Brief Report: Peripheral Monocyte/Macrophage Phenotypes Associated With the Evolution of Cognitive Performance in HIV-Infected Patients
The contribution of monocyte activation in the development of HIV-associated neurocognitive disorders is not completely understood. This study aimed to explore the predictive value of peripheral monocyte/macrophage (M/M) phenotypes on the evolution of cognitive performance in a population of virologically suppressed HIV-infected patients.Setting:
Prospective, observational, longitudinal study.Methods:
HIV-1-infected patients with HIV-RNA <50copies/mL for >12 months underwent neuropsychological examination at baseline and after 1 year. Cognitive performance was evaluated using Z-transformed scores, and neurocognitive impairment (NCI) was defined according to Frascati criteria. Peripheral M/M phenotypes (classic CD14++CD16−, intermediate CD14++CD16+, and nonclassic CD14+CD16++) and specific surface activation markers (eg, CD163, CD11b, and CD38) were evaluated using flow cytometry at baseline. Predictive value of peripheral M/M phenotypes on the evolution of cognitive performance over 1-year follow-up was also evaluated.Results:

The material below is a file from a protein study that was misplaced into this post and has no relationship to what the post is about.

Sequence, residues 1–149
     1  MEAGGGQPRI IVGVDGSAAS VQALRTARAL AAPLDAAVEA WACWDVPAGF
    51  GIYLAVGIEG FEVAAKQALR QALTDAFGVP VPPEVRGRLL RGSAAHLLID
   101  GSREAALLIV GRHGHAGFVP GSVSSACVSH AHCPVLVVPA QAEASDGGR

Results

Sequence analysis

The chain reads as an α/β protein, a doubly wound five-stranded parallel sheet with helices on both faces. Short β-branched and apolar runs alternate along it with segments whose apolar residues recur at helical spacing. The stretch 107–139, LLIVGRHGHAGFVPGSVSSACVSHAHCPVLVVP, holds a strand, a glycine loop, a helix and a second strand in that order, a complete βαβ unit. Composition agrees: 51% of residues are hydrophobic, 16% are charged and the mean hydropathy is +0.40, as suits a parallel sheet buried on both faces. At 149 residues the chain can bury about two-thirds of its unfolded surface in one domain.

Overall, 54 patients [85.2% men, median age 50 years (range 27–60 years), 27.8% hepatitis C virus coinfected, 48.1% with past AIDS-defining events, median nadir CD4 83 cells/μL (range 1–334), median baseline CD4 547 cells/μL (range 136–1652)] were enrolled. Proportion of patients with NCI was low, accounting for 13% at baseline and 16.5% after 1 year (P = 0.687). Memory was the only single domain in which decreased performance after 1 year was observed (−0.25 Z-score, P = 0.025). In patients with significant decrease (≥0.5 SD) in memory performance (n = 20), significantly lower CD14++CD16+CD163+ (% CD14++CD16+) (P = 0.038) and higher CD14+CD38+ (% CD14+) (P = 0.030) levels were observed.Conclusions:
In virologically suppressed HIV-infected patients, the evolution of memory performance could be linked to the expression of certain peripheral activated M/M phenotypes. Such associations should be verified in larger populations over the long term.